My femurs remember holding the tension of my 10-hour workday just below my hips. My thighs were the barrier between the pain of the floor and the place where my brain might absorb it. My body held dozens of silent conversations with the floor, without my permission. After the store went out of business, I stood in the empty spaces, and feel that floor. It was the source of my memory, the part that kept me sure it had all been real.
That concrete floor was a kind of home to me. The first time we had concrete poured at the Buffalo Ranch, the people in town knew. My parents bought the Buffalo Ranch and the three of us went to live on the land that was named long before we got there, to walk in the tracks of the beasts before us. Fifteen buffalo stayed on with us for a year while their owners worked to rehome them. Mom and I fed them hay through the fence with our bare hands. Their grunts reminded me of warm comforting exchanges with my grandmother, their breath sweet with hay, and black eyes watching me through their fluffy fur.
The first pouring of concrete was our sidewalk. Until the sidewalk, mom had creatively repurposed tree rounds to create a path from our driveway to the front door of our single wide mobile home. They lay in our yard like misplaced slices of bread. They gave our home a quaint, rustic vibe, but they were not a permanent solution. The sidewalk was permanent. It was one of the first steps we took in establishing our home, that could not be reclaimed by the wilderness surrounding us.
A wooden swing and a rope swing lived in our barn above a pile of hay. Some bales were stacked, not yet ripped open to feed the livestock they were intended for. The hay pile meant endless joy for me, climbing the winter woodpile, the thick heavy rope swing in my hand. In a single move, my feet jumped around the knot and I held my breath, gravity sucking me forward. I was suspended, swinging until I chose the moment to let go and allow my small body to fling into that hay and roll into the dirt. The wood of the rafters where the rope was tied cracked, echoing off the sheet metal.
When Dad poured a foundation in the barn, and my playhouse became his business. Edwing Boats Inc. had already been growing. Dad’s wardrobe consisted of flannels and jeans that collected burns and holes from the sparks of the welding guns. Diesel and sweat were part of his permanent chemical makeup a scent he carried with him everywhere. Now the lines were drawn. If I fell on the concrete after a swing, no amount of hay could save me. The swings were cut down, the hay moved out, and I signed my name in the new cement.
When I am three, Mom decides I need to learn to read. She says I have too much energy and there are not enough places for it to go. She tells my father to start reading aloud to me. I remember crawling into his lap and looking at a large bright yellow engine manual as my bedtime story. I didn’t understand and it didn’t matter. He reads it to me anyway.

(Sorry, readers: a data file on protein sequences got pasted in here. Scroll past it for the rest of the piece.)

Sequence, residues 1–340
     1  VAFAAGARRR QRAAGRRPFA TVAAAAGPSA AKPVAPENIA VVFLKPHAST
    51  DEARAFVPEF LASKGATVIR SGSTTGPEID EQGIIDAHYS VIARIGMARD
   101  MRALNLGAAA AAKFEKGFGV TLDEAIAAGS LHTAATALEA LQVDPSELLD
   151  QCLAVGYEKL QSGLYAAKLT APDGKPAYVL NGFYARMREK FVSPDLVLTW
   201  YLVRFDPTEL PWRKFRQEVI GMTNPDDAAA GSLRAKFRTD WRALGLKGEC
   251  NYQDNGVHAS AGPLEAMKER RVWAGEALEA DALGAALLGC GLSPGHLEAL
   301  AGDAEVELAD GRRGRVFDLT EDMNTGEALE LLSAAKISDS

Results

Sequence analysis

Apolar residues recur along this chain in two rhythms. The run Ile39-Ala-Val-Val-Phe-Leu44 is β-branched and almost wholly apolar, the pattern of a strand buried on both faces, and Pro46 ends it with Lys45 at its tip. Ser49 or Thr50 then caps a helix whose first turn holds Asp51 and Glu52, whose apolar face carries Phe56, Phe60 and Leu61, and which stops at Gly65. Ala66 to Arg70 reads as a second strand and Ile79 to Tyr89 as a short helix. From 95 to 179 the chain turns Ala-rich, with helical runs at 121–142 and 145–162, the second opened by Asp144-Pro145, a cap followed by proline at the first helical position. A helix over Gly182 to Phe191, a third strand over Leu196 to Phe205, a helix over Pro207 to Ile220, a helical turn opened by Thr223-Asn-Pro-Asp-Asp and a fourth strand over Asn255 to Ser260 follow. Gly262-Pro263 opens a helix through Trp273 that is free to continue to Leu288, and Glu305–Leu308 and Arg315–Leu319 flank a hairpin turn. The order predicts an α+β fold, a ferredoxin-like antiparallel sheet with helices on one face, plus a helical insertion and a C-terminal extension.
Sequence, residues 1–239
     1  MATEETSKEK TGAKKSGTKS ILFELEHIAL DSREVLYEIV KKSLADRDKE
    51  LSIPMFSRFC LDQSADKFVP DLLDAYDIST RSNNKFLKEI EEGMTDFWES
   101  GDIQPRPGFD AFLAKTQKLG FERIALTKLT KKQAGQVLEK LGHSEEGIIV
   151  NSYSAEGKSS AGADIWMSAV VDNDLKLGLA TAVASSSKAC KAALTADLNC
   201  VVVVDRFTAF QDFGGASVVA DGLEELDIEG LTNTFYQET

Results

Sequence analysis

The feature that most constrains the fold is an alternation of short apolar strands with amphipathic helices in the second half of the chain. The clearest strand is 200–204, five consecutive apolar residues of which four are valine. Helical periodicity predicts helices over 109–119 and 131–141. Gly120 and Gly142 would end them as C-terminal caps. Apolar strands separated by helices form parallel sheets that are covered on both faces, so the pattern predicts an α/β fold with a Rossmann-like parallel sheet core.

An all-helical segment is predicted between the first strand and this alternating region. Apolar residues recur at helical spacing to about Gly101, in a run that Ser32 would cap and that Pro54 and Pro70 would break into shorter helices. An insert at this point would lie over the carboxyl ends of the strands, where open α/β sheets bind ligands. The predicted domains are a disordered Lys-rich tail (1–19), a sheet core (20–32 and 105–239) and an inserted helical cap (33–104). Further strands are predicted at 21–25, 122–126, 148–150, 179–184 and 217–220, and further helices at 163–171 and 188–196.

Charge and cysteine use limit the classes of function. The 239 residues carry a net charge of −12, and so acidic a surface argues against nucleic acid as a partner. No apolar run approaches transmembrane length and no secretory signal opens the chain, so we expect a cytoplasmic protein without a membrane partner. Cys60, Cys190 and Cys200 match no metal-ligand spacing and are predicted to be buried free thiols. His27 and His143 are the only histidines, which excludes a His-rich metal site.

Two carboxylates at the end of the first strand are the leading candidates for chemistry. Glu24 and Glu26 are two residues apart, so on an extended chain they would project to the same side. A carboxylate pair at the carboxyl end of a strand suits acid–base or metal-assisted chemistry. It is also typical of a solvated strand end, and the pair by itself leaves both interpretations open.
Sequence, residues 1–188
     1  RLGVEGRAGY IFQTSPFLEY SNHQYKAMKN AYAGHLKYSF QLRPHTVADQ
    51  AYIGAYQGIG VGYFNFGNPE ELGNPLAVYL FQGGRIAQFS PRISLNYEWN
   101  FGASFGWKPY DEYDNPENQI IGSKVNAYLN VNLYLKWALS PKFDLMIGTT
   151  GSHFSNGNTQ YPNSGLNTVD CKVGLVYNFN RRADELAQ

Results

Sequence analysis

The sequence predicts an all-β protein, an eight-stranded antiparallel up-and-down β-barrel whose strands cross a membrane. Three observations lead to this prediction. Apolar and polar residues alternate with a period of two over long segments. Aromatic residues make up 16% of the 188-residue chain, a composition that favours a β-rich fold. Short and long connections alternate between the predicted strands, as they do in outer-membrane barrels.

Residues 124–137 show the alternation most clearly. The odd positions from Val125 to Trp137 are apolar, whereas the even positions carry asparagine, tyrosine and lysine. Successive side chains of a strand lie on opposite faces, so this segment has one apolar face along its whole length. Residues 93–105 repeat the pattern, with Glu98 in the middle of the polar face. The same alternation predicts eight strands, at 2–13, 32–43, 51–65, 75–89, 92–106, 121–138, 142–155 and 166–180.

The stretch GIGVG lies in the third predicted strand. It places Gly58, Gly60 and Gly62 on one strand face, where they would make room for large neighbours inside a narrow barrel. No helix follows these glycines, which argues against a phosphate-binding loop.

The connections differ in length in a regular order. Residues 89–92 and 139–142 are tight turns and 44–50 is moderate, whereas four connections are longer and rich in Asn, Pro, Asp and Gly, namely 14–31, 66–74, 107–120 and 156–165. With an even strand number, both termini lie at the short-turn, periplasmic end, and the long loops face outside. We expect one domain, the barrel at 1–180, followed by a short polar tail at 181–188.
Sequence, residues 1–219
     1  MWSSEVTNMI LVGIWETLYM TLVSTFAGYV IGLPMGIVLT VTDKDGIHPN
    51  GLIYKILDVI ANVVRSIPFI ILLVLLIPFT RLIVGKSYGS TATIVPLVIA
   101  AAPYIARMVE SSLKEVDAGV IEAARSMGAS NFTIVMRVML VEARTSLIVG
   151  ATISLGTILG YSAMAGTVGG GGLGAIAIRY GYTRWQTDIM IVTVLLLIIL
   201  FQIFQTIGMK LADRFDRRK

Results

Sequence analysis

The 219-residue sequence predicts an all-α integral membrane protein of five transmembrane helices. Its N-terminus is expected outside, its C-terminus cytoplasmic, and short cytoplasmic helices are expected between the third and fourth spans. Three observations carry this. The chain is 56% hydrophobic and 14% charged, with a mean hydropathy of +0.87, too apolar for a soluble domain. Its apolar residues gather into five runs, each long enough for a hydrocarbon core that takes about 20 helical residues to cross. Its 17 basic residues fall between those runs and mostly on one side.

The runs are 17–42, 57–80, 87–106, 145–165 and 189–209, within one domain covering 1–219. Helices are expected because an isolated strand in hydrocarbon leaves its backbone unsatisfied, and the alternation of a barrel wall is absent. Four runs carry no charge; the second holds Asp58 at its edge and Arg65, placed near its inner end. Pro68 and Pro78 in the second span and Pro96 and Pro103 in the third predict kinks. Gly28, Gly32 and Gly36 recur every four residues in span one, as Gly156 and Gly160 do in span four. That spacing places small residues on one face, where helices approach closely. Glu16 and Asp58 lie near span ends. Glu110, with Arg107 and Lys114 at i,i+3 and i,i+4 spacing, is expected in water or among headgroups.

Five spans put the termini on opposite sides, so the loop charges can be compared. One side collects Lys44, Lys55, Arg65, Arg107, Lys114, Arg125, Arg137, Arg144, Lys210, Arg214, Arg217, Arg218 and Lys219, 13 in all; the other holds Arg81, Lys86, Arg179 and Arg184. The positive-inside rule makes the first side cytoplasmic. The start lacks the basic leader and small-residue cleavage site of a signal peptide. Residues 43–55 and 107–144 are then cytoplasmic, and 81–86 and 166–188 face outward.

One night I bring him a book I want to read. It’s “Aladdin” and it contains fifteen chapters. Dad tells me he will not read it to me, that I will have to read it to him. “No!” I protest, but we practice every night until I do.
“When you’re in college, you’ll have to read at least 100 pages a night,” he said.
He teaches me how to ride a bike. Every night he runs behind me, a rake jammed into the bars behind my bike seat. He never lets me fall. It is weeks before I realize he is jogging behind me, no longer holding the rake. He teaches me how to drive. He gets out of the truck and places cans in the middle of the road until I can back over them perfectly. We roll down the windows so we can hear the aluminum crunch.
I brought home good report cards that got me into a state university. It was the first Thanksgiving break home from college when my father sat in the dark living room with me and cried. He told me he never finished his first semester at Pacific Lutheran University, dyslexia crippling him. I struggled to understand why staying enrolled for just 10 weeks had been so easy for me, so difficult for my father, and how it meant everything to him that I had done a thing that he could not. Tears wet his soft face until his beard absorbed them.
I couldn’t think of what to say to contain him, put him back into a form I could understand. He was my father, the man who never let me quit, by giving me space to fail until I succeeded. He was there with me, letting me know it was okay and to keep going. I know now, he needed to be vulnerable. He was proud of me. He was allowed to cry; to let go of the rake. I wish I’d put my hand on his. I wish I had told him my ladder was his ladder. Until that moment, I didn’t understand that I had something Dad didn’t. I had the foundation.
Elaina Erola studied English at Western Washington University and is an Alumni of Humboldt State University. She is currently pursuing a Juris Doctorate from Northwestern California University and has been published in the Seven Gill Shark Review, winning both honorable mention and second place for prose. She was selected for a scholarship to the 2020 Mendocino Writers Conference as well as third place in their annual writing contest for memoir. She is published in Bad Bride Magazine, The Dewdrop, and The Bangalore Review. This year she was chosen for a scholarship for a Master Class in Memoir and participated in the UCLA Writers’ Program. She is working on her first book.